Medium format digital becomes accessible. People take notice.

Interesting to me that three of my good friends (who are also photographers....but I guess that goes without saying...) have recently added Fuji medium format cameras to their collection of toys and tools.  One is my friend, Paul who is a very experienced architecture photographer, the second is a very advanced enthusiast named, Andy, and the third is an eclectic and self directed art photographer named Jim. All three had their reasons for giving medium format a spin and all three of them are happy they decided to give new Fuji line of MFs a whirl.

Paul, the architecture veteran, is always looking for an edge and he's not a newbie when it comes to large and medium format cameras; both digital and film based. When I first met him Paul was working with Linhof Technica 4x5 view cameras while keeping a Hasselblad SWC/M handy for quicker wide shots. He's worked recently with the bigger Hasselblad digital cameras as well as the Leica S medium format cameras so he knew what he was getting into when he bought a Fuji GFX 50R.

Andy is nearly as crazy about collecting various cameras as I am and his purchase of his GFX 50R was, I think, his first foray into medium format digital imaging. He picked up the basics in a matter of hours and has been using the 50R non-stop since picking it up a few months ago. I've seen plenty of samples from his work with the camera and he should be a spokesperson for Fuji. He's got that enthusiast's enthusiasm especially hard for the medium format space. All his stuff looks great. (And he's reviving his appreciation for his tripods).

Jim is the anything for art and all-in member of this loose coterie. He sprung for the GFX 100 (100 megapixels) and three of the lenses and he's become a bit zealous about how much he likes the bigger format. From the west Texas desert to the Colorado mountains, he seems to drag that kit around with him everywhere. It's a change from previous years when I could always count on him to show up with everything and anything Leica.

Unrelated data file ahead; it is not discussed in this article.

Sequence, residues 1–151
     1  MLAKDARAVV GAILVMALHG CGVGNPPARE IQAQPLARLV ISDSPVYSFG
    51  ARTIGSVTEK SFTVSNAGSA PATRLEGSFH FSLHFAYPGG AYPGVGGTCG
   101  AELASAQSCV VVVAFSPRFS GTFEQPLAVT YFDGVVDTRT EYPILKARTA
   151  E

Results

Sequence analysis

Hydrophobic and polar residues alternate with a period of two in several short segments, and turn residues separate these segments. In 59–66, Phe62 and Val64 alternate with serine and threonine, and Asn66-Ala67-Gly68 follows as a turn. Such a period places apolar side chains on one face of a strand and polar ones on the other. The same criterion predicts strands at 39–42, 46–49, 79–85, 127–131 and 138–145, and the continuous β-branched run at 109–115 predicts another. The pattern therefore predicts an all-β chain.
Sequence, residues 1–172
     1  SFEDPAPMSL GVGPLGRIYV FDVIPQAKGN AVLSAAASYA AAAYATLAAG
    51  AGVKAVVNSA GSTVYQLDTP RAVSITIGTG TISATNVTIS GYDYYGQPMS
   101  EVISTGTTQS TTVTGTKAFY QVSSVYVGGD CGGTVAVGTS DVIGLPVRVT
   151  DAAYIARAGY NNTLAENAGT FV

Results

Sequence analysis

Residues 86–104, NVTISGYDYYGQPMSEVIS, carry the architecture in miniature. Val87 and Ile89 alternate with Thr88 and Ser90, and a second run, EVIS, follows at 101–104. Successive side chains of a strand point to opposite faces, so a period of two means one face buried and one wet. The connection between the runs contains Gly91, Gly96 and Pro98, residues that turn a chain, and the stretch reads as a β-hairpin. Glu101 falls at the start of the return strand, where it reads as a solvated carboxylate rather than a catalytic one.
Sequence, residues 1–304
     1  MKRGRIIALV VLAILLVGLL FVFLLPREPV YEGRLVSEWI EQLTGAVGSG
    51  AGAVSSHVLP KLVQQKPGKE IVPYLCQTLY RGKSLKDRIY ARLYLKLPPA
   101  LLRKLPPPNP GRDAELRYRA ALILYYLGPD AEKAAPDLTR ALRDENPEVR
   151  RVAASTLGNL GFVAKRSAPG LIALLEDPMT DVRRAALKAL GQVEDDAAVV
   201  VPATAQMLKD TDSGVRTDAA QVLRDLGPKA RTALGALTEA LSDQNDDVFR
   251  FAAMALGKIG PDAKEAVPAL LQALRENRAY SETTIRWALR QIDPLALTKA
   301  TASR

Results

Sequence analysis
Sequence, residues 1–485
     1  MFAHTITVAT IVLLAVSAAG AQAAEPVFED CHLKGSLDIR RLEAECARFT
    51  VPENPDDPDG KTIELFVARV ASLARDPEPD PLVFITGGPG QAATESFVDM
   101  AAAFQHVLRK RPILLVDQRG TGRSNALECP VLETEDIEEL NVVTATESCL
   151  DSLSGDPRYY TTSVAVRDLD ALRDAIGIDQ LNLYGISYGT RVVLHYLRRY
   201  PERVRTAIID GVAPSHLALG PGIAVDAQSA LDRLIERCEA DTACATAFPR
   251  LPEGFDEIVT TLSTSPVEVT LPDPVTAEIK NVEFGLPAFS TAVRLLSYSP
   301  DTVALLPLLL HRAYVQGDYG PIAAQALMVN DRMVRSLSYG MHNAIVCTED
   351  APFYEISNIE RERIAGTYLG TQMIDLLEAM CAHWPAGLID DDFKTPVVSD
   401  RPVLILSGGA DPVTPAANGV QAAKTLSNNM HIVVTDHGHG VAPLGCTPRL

But what all three have in common is that they are generally in the first wave of adapters for camera technologies that make a difference in the actual look of the images they create. They aren't necessarily waiting for the reviewers to give them a sign. They are willing to adapt without the safety net of the herd to bolster their resolve. And they each deeply love making photographs.

So why the sudden lunge toward medium format? (Or, in Paul's case, back into MF).

In each case I think it happened when Fuji took all the goodness of the 50 megapixel sensor that appeared in the Hasselblad HD1X and the second generation Pentax 645D and put it into a system that is rationally affordable. In the case of the 50R when the price for a body started dropping down to the $3,500 price point it entered a dollar-to-value zone that made it irresistible for photographers who wanted a different look than what they (and everyone else) were getting from the 35mm sensor sized DSLRs and mirrorless full frame cameras.